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I am trying to find out how footpath erosion on Pen Y Fan which is a national park, compares to footpath erosion on Cock Marsh which is in a village and is not in a national park.

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Introduction

Section 1 I am trying to find out how footpath erosion on Pen Y Fan which is a national park, compares to footpath erosion on Cock Marsh which is in a village and is not in a national park. The question is 'how does footpath erosion on Pen Y Fan compare to footpath erosion on Cock Marsh'. Backround information on Pen Y Fan and the Brecon Beacons The Brecon Beacons is a lived and worked in national park. The area within the national park covers 519 square miles. Nearly half of this is 1,000 ft above sea level. Pen Y Fan is the highest mountain in South Wales and is 2,907 ft above sea level. The Brecon Beacons also has other peaks such as cribyn and corn Du. the east of the brecon beacons are known as the black mountains. In the far west of the national park is the upland range known as Black Mountain. This is a remote location and has a well-known ridge walk called the beacon horseshoe. In the south there is a place called waterfall country and in the north is sennybridge. Pen Y Fan has a problem with footpath erosion due to walkers walking over the footpath with heavy walking boots which pulls up mud and vegetation and it falls off in a different area. ...read more.

Middle

There is a bridge, which you can go over to get to cock marsh from the Thames path. You can also access Cock Marsh with the use of a boat, as there are jetties close to cock marsh to the North. Map in folder goes here dumbass. Data Interpretation. We conducted the first study at Pen y Fan. We measured the width and depth of the footpath at different points up the slope. We took clinometer readings and quadrat estimates. We did the same as this at Cock Marsh. On both tests we counted the amount of people walking down the path. For Pen Y Fan it was 92 people including us, and on Cock Marsh it was 12 people including us (4) and 6 dogs. We were at both sites for about the same amount of time (around 5 hours). My information shows that the footpath at Pen Y Fan was wider than the Cock Marsh footpath (see footpath transects). My data from the quadrat shows that cock marsh has more grass on the left of the footpath than Pen Y Fan, but Pen Y Fan has more grass on the right and in the centre. Also my data shows that Pen Y Fan has more stones on the left and centre while Cock Marsh has more stones on the right. ...read more.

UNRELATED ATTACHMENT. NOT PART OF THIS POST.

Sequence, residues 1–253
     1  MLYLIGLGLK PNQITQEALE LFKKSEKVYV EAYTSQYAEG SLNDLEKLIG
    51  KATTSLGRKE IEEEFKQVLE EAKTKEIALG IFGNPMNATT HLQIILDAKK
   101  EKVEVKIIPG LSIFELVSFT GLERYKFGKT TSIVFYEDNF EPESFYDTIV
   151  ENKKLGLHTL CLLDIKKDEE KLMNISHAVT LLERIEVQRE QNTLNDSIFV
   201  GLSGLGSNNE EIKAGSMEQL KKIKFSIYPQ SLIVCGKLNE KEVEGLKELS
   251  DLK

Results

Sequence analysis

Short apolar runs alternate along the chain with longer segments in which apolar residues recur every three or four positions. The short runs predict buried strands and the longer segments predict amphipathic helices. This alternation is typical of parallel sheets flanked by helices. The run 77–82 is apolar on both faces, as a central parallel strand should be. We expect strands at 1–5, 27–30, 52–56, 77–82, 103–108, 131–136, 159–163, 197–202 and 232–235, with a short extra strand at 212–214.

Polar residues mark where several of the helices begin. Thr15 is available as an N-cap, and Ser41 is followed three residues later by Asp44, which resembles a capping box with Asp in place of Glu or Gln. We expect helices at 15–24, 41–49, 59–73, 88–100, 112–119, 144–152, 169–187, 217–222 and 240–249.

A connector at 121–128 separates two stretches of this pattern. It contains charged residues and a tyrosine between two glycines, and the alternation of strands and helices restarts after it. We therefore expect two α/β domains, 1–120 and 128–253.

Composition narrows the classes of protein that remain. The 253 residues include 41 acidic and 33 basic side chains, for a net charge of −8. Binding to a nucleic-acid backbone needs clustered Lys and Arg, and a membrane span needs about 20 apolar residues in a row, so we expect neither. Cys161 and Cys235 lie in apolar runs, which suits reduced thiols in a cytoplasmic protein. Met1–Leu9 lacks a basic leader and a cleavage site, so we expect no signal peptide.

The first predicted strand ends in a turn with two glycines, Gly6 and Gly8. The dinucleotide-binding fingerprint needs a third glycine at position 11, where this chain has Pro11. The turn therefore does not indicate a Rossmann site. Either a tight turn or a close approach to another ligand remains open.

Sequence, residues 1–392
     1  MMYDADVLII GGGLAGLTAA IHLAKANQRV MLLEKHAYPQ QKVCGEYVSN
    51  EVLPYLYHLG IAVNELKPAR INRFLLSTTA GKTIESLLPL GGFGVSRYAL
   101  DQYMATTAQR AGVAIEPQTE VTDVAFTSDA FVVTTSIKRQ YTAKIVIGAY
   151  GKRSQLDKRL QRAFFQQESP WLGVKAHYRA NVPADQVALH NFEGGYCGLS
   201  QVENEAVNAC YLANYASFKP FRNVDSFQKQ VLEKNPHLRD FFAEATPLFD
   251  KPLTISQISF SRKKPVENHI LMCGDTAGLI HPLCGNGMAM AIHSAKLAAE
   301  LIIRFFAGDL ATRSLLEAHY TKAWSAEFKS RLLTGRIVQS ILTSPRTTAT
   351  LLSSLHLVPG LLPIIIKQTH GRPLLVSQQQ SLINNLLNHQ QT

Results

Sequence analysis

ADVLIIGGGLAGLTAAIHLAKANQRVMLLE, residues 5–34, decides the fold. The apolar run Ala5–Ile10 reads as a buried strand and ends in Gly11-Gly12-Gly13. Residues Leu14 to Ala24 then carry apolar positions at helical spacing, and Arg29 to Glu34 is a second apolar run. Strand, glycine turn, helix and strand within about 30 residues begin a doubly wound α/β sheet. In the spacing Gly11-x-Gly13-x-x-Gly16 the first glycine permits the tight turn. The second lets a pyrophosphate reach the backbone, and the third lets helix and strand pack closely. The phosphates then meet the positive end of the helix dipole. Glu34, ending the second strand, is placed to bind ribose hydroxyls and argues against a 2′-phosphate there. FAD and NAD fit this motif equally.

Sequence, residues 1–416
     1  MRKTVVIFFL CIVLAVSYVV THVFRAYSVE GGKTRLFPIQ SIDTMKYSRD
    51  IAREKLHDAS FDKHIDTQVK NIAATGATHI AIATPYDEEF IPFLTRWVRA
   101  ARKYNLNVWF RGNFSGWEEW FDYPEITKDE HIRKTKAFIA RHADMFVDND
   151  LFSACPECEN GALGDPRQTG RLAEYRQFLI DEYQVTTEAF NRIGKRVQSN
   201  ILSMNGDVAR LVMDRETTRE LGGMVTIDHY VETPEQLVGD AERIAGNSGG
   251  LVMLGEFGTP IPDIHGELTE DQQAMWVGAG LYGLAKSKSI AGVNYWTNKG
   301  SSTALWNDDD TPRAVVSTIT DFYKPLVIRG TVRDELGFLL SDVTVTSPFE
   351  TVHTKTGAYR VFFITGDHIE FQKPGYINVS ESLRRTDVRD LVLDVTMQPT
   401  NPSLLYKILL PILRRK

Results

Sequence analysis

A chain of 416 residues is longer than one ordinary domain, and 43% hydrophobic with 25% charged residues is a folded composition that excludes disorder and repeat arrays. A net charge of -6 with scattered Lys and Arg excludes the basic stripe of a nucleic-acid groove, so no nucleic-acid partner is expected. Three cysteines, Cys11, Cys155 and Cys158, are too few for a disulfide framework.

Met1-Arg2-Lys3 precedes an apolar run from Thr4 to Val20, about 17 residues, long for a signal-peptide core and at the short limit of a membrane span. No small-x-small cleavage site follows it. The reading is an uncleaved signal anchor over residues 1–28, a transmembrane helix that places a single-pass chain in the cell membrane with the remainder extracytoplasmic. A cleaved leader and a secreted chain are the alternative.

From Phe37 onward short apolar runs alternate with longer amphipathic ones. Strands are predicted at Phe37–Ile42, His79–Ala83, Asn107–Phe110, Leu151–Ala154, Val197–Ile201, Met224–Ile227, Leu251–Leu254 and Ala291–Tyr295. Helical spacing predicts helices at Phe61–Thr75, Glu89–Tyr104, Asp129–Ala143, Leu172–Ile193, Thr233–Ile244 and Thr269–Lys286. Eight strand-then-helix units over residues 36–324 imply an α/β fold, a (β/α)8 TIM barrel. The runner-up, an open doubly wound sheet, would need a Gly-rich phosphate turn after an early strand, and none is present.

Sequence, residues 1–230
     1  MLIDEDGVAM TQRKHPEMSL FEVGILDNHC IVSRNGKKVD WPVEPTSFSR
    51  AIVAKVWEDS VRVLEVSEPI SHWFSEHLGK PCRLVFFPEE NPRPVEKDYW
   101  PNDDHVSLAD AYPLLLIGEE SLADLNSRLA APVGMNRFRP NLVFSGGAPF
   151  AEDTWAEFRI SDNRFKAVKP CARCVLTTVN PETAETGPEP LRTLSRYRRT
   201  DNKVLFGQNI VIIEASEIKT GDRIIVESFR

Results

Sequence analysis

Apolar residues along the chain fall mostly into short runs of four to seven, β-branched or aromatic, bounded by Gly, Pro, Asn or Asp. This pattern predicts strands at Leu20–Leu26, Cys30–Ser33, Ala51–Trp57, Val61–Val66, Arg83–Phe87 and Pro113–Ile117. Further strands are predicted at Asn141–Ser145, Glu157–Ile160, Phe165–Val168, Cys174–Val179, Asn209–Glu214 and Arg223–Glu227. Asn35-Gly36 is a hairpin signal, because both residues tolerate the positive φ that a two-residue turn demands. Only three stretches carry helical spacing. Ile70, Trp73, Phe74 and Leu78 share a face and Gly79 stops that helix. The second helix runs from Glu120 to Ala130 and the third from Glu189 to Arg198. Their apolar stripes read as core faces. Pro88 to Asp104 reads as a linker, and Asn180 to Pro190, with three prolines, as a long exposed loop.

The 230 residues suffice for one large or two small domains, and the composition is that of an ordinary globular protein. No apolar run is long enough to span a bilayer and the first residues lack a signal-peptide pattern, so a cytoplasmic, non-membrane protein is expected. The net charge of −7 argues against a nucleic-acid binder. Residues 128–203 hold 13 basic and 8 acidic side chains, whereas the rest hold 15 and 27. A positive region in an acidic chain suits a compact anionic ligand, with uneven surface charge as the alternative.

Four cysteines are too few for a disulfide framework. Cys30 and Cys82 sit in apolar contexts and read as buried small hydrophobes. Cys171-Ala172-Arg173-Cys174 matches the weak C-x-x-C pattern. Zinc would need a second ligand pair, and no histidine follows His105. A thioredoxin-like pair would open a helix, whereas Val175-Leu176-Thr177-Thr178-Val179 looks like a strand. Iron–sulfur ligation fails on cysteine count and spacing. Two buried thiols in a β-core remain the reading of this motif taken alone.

Conclusion

I think that my investigation did all it was supposed to. The data that was most useful to my investigation were the footpath transects to show the depth of the footpath because you could easily compare the depth of the Pen Y Fan footpath to the depth of the Cock Marsh footpath. The least useful information was the clinometer readings because the angle of slope was not as important as the depth and width and vegetation of the footpath. Other information that would have been useful would be more photos to show the footpath, also to know the vegetation around the footpath would have been useful because then I would know whether people are trying to escape the rocks on the footpath and walking to the side of the footpath. I think that my results were quite accurate, but not exactly accurate, because the data that I collected was only in one day and by the time this fieldwork is handed in the data may have changed, as more people would be walking up and down the footpaths. I think that to answer my original question "how footpath erosion on Pen Y Fan compares to footpath erosion on Cock Marsh" I collected enough information without any problems. To each technique there are disadvantages, such as the quadrat data collection technique you cannot get an exact reading because half of the square may be full of grass and the other half may be full of stone. ...read more.

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